Insignificance Continues to Grow
We'd really like to claim that we were in contact with the AP and we knew that J-Fed's NPR interview was going to end up looking like a face full of egg. We didn't. But somehow, some way, the alleged "de-policing" taking place in Chicago is reaching a national audience. And it's doing something hitherto thought unthinkable - uniting the masses. Here's some of the report:
- Serious crime is up but arrests are down in Chicago, and some police officers say they are working the streets less aggressively out of resentment toward their new chief and fear of being second-guessed by him.
"People are doing just what they need to get through" their shifts, said Lt. Robert Weisskopf, president of the Chicago police lieutenants union, "and not any extra."
In addition, he asked federal officials to investigate an officer who had already pleaded guilty to beating a handcuffed man shackled to a wheelchair and was serving a two-year suspension. That angered the rank-and-file.
They felt the officer "did something wrong and he paid his debt to society," Weisskopf said. "But it was as if that wasn't good enough, 'We didn't get our complete pound of flesh.'"
Since then, "guys feel the superintendent and the administration does not have their back," said John Pallohusky, president of the police sergeants union.
Through the end of August, the department made 103,589 arrests (not including arrests for outstanding arrest warrants) compared with 117,971 for the same period last year, according to the department. The 5,600 guns recovered is roughly half as many as police seized in the same period in 2007, internal documents show.
Bookings in the Cook County Jail - where the vast majority of inmates come from Chicago - are down, too. In all but one month this year, the number of people booked into the jail was down from the same month a year earlier, sometimes by hundreds, according to data obtained by the AP through a Freedom of Information Act request.
Chicago has had 322 murders through Aug. 21, or 42 more than the number committed through the same date last year. Also, police have received 10,000 more calls from people about shots being fired, and the number of calls about gang disturbances has jumped by nearly 4,000, according to the department documents.
- But among the slew of statistics kept by the department are "self-initiated" calls, or those in which officers stop and question people about possible drug or gang activity. Department figures show the total is down by more than 3,700 from the same period last year.
Here's the problem as we see it:
- J-Fed was brought in to rein in a Department out of control. Unfortunately, the facts on the ground didn't (and still don't) support this belief. The Department was directionless, but that was directly attributable to the last three Superintendents and their inability to move the Department away from the corrupting influence of politics. It's not entirely their fault - no one could completely resist Daley and the Machine. But each made it progressively worse by their inaction.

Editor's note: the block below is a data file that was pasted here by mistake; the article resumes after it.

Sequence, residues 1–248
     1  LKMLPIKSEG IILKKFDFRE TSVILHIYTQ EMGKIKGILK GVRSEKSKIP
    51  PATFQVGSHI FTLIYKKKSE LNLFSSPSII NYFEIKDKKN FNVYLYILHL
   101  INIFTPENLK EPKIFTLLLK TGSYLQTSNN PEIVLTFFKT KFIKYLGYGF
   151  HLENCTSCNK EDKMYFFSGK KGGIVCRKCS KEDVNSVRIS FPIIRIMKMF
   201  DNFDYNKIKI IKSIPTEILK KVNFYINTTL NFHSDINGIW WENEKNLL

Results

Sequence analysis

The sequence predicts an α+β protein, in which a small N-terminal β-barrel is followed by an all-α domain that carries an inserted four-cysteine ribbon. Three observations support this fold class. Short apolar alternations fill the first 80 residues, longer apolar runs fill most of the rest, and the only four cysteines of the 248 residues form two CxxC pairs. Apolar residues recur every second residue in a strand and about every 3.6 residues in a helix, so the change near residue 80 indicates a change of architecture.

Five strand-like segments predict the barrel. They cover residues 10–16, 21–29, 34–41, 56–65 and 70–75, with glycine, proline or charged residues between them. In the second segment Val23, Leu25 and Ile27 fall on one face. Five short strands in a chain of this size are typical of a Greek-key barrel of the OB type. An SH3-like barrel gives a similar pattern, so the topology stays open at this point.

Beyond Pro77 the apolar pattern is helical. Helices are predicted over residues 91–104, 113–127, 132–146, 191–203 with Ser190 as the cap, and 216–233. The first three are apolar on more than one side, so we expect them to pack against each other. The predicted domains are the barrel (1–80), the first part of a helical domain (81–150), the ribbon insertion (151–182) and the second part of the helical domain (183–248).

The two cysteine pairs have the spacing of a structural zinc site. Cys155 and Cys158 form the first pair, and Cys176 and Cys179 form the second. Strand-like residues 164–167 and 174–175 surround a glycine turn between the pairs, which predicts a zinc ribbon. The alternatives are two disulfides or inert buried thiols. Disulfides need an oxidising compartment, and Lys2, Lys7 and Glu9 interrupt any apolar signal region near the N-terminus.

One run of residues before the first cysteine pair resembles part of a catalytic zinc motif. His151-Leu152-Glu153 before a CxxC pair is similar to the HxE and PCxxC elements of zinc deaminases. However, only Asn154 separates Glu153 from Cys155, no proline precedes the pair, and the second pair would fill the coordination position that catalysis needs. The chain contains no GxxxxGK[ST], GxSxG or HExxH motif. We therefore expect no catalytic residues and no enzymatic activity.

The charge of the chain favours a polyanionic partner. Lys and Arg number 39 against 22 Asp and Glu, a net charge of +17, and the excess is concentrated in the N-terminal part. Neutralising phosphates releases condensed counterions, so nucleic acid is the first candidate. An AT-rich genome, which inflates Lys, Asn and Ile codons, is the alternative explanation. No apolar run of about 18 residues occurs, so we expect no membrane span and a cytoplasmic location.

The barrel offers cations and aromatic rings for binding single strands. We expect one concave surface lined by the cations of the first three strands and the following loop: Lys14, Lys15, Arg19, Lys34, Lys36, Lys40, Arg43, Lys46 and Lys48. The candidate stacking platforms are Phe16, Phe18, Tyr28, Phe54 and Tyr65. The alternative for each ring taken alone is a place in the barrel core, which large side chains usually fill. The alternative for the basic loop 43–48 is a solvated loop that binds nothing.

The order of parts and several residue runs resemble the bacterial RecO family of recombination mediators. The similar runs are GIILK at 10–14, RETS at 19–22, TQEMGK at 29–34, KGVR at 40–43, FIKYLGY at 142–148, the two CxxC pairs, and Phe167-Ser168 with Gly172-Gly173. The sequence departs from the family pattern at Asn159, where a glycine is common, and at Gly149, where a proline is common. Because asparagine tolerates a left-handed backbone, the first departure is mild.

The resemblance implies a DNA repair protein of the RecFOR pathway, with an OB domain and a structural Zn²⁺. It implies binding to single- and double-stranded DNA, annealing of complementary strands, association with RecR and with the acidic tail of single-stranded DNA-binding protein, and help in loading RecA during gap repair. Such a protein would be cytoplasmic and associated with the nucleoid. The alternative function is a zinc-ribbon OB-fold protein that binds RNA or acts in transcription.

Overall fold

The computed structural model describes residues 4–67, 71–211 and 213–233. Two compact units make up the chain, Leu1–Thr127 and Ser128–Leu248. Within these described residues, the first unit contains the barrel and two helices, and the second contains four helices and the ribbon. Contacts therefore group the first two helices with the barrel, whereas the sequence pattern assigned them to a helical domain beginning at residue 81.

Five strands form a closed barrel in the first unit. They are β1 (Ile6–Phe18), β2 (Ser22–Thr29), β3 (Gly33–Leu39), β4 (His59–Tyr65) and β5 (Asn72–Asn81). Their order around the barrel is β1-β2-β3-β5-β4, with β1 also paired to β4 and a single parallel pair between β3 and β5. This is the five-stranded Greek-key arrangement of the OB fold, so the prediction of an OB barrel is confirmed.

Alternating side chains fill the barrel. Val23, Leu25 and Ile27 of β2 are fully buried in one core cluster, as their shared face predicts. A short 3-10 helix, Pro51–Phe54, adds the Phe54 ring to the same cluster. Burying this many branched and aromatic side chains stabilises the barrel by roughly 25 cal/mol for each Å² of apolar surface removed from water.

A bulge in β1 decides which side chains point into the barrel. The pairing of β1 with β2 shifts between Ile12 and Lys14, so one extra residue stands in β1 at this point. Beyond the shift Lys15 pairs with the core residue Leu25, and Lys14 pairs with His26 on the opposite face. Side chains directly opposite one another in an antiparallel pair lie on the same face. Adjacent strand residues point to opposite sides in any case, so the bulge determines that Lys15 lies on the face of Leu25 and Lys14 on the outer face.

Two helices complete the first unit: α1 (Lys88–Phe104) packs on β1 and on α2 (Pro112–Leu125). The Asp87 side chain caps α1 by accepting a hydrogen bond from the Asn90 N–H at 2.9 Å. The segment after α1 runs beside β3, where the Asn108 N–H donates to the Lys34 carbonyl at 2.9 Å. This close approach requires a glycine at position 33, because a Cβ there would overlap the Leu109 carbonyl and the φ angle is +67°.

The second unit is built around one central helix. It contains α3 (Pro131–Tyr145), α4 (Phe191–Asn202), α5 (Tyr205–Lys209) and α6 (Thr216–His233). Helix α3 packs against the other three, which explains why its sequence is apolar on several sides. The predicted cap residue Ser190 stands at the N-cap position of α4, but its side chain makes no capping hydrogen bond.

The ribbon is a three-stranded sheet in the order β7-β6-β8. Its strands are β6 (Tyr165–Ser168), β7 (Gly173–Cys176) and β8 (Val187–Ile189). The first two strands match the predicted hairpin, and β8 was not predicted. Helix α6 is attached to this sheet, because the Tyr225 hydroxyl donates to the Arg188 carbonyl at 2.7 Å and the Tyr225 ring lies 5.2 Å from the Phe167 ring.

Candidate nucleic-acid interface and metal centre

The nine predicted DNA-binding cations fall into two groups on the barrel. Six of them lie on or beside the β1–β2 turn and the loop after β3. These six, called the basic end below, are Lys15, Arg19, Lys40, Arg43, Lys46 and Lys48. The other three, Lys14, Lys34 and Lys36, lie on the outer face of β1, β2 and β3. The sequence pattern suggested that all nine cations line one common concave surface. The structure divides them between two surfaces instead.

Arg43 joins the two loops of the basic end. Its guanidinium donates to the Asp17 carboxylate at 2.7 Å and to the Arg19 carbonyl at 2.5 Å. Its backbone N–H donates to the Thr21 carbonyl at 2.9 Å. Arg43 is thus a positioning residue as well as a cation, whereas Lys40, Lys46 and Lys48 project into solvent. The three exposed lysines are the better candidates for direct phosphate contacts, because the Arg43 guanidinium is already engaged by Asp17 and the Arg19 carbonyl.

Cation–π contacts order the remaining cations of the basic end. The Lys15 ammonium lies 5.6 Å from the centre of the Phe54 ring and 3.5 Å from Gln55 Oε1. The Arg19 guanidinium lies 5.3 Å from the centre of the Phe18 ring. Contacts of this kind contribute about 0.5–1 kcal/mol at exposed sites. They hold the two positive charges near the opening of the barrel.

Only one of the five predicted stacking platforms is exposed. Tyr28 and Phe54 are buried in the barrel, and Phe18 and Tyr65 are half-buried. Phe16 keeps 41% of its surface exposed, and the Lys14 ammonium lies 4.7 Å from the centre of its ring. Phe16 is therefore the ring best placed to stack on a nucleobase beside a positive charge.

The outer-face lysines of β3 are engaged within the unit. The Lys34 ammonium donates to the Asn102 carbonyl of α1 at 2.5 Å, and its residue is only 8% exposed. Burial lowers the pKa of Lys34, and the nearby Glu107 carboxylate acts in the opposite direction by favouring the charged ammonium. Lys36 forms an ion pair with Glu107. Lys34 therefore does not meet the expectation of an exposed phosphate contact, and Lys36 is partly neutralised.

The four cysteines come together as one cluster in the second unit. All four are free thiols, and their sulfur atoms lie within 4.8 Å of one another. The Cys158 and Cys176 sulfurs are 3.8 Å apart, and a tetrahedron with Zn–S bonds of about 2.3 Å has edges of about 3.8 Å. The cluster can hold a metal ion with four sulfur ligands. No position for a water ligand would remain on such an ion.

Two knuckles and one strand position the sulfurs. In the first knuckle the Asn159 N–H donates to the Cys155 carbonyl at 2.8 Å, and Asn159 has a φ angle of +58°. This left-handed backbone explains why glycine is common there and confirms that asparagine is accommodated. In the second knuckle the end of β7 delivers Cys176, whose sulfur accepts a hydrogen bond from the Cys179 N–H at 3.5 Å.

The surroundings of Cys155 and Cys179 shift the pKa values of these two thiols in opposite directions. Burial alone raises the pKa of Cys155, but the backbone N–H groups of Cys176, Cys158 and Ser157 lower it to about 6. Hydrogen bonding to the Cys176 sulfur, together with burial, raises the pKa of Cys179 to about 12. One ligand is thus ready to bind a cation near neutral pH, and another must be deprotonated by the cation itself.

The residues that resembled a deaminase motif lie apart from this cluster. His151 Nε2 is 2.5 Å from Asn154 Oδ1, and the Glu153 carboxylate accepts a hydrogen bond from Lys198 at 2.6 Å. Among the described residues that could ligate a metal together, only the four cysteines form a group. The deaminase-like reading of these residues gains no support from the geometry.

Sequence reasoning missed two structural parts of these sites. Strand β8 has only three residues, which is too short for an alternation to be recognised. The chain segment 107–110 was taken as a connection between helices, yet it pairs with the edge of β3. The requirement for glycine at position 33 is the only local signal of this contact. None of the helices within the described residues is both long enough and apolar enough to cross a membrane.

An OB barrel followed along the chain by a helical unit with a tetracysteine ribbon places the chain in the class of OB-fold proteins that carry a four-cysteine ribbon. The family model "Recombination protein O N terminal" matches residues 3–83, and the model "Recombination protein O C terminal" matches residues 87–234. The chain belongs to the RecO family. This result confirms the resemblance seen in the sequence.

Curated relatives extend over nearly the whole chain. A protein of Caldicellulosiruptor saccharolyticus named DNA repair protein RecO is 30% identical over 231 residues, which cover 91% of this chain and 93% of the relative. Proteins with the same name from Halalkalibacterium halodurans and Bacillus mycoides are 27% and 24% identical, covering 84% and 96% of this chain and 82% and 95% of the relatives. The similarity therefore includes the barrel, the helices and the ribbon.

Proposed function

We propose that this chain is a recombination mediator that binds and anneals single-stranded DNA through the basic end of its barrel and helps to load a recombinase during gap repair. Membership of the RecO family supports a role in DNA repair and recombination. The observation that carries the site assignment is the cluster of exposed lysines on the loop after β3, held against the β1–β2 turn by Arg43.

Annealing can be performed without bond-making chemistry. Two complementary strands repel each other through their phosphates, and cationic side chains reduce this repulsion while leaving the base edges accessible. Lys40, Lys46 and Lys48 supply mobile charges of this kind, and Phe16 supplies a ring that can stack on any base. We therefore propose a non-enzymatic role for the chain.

- When J-Fed came in blind, he had no choice but to make the moves Daley and the Machine wanted. The last twenty years of Daley has hollowed the Department in a way no one would have ever dreamed possible. There are almost NO qualified individuals to LEAD this Department. Any that could were chased off by the political animals, shunted into dead end sergeant or lieutenant spots, or simply frustrated by their inability to make real and lasting changes in working conditions.
- Managers don't make good bosses. Good bosses can be capable managers, but it almost never works out the other way. And when the criteria for promotion are bloodline, blow job or political sponsorship, the Department isn't even finding capable managers within its ranks.
- J-Fed, after dismissing out of hand a few hundred years worth of police experience, is saddled with incompetent political hacks left and right. So what does he do? Brings in his own stable of "non political" friends, thereby perpetuating the "closed shop" and dashing any chance of attracting capable managers who may have showed him the ropes.
- local law enforcement are a bunch of rubes and provincial hacks and if you spin them a yarn and promise them the world, they'll run right into the gates of hell because you tell them to.
Whatever is going on, call it "de-policing," call it a "slowdown," call it "just doing your job and nothing extra" is gaining national attention and is scaring the crap out of 35th Street. Daley isn't scared - he's in for another 3 years regardless since there are no elections and no recall provisions. Why would he care?
But the brass can be moved, they can be demoted and they can bear the brunt of the mayor's displeasure. And the displeasure is beginning to center around J-Fed.
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